Writer and director Gus Van Sant made a film under the ironic title "Don't Worry, He Won't Go Far", based on the real story of artist John Callahan (played by Joaquin Phoenix), who started a new life after the accident that radically changed his fate and discovered the healing power of art.|
The car accident resulted in paralysis of the arms and legs, but after rehab, John learned to draw again and began to create topical cartoons that brought him fame and an army of fans. In the film, we'll see what led Callahan to this turning point in his life and how he copes with life's challenges by interacting with his old drinking buddy (Jack Black), the 12 Step sponsor (Jonah Hill) and his girlfriend (Rooney Mara ).
In an interview, Gus Van Sant spoke about the twenty-year journey of the film, which began with Robin Williams, who at one time bought the rights to film the autobiography of John Callahan, about how the script changed after the approval for the role of Joaquin Phoenix, about the creative freedom provided to the actor, and about unexpected casting decisions.
We loved the movie and Joaquin Phoenix is incredibly good at it.
What is it like to finally bring to life what was conceived 20 years ago and fully realized for such a long time?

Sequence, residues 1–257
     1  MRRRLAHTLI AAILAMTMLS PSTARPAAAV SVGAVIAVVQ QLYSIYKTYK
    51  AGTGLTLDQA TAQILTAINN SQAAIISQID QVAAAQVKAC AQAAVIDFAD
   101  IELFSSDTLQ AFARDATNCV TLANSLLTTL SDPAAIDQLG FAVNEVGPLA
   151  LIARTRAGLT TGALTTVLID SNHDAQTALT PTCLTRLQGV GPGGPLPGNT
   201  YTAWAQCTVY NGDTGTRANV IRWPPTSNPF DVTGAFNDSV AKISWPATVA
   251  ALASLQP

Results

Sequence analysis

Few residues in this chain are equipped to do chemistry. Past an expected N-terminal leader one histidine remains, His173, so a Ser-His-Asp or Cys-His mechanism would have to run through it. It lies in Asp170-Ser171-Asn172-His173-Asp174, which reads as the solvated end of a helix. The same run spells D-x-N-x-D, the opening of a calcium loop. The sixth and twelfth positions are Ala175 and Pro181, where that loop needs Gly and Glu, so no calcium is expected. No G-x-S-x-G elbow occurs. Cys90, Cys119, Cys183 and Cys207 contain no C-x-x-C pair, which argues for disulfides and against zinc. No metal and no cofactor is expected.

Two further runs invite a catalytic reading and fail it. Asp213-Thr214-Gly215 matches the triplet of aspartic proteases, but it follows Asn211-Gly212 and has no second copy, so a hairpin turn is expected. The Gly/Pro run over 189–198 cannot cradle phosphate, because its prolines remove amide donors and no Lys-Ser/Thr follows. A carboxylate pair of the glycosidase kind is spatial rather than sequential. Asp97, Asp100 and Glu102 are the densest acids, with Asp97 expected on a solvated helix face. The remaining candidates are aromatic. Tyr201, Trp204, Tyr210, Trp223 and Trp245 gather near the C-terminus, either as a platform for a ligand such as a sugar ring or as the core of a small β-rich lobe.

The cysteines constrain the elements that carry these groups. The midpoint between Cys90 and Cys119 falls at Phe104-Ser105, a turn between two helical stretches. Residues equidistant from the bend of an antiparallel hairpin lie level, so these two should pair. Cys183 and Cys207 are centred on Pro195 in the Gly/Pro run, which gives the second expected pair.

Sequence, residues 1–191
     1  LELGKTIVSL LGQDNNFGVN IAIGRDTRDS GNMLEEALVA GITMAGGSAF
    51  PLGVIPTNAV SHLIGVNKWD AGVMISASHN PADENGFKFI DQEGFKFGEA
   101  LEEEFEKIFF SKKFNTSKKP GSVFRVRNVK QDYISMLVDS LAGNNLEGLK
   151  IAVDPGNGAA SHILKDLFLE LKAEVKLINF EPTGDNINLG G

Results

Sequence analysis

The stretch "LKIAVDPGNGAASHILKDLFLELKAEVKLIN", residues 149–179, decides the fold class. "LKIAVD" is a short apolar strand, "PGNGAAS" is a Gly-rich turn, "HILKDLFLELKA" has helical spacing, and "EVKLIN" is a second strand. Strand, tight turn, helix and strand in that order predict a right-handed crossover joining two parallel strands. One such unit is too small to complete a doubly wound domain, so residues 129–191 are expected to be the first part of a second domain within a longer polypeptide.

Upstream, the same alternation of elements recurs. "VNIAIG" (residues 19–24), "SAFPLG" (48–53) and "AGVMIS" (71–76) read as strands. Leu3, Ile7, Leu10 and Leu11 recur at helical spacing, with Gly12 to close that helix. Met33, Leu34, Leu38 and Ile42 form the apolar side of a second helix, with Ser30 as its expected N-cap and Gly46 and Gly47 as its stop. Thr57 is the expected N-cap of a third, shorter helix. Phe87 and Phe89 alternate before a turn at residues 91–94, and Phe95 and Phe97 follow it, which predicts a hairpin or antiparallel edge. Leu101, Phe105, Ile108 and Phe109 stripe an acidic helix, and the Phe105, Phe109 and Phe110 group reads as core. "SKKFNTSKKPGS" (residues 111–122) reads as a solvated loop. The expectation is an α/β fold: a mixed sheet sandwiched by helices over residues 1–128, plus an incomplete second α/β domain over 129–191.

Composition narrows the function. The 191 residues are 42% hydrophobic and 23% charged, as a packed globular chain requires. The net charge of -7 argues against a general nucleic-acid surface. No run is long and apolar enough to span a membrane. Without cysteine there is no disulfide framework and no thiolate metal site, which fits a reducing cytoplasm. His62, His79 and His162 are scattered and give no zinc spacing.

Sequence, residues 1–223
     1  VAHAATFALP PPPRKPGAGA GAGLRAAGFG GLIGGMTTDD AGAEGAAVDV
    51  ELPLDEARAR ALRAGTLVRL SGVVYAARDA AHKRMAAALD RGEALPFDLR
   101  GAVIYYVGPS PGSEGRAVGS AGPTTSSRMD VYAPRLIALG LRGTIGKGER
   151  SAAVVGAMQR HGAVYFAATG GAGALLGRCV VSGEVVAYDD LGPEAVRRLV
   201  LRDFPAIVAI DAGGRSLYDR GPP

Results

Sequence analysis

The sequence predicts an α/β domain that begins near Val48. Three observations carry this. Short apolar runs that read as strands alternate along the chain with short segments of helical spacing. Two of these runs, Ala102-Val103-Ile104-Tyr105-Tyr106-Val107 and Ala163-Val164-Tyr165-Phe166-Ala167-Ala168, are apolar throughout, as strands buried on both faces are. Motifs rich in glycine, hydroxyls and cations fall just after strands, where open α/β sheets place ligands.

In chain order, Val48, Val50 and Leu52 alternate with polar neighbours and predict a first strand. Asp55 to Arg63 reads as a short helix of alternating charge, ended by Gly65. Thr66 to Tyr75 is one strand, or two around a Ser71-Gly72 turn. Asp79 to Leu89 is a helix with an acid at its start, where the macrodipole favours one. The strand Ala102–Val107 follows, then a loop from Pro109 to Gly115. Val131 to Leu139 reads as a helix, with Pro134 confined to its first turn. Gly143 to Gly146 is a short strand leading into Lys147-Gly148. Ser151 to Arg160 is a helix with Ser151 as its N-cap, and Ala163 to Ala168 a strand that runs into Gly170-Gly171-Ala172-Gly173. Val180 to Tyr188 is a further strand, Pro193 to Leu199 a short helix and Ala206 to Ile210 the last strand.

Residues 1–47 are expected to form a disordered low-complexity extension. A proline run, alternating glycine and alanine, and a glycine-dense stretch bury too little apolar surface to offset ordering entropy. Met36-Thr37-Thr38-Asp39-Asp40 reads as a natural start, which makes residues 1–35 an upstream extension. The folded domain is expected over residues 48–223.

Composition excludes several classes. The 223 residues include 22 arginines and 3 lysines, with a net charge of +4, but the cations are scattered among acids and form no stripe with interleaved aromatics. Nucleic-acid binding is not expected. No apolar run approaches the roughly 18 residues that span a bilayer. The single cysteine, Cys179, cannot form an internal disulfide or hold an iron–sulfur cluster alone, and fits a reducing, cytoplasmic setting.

Perfectly. I already have a similar experience. I think I saw the script for My Personal Idaho 15-16 years before I shot it. I also nurtured the "last days" for about 12 years, so this practice is pretty familiar to me.
When you've waited so long, admit that filming may not start at all, or are you always hoping for a better outcome?
Well, the projects are on the table, so I occasionally stumble upon them and get inspired by them again. In this particular case, it was a little different, since everything initially depended on Robin Williams. This was his idea. I worked with the scriptwriter in Robin's office, but I didn't worry about anything because he was the boss. But it turned out that due to many other proposals, Williams was at that time unable to commit himself to the implementation of the project from start to finish ... I was not worried, which I could not say about John Callahan himself, who was eager to see the film adaptation. I was just hoping that maybe everything will work out for us. Frankly, I was very surprised when, after so many years, I finally got a call from the Sony studio.
Have you ever thought that after Robin Williams leaves, you will not be able to return to this project? Or did the participation of Joaquin Phoenix give you strength?
When Robin died, I really didn't think about this project, it just didn't even occur to me. One of the results of his death was that the studio conducted an audit and, finally, found the strength and funds to film the book. And since I was somehow connected with her, I was asked about the considerations for the film adaptation. In fact, I was given a chance to finish what I started and at the same time make a new project. I didn’t sit and wait for an offer, so first of all I had to understand whether I wanted to return to this story at all, and only then think about who could be called for the main role. Joaquin agreed and I got a great opportunity to work with him.
Was it your idea to have a heart-to-heart talk with him before filming?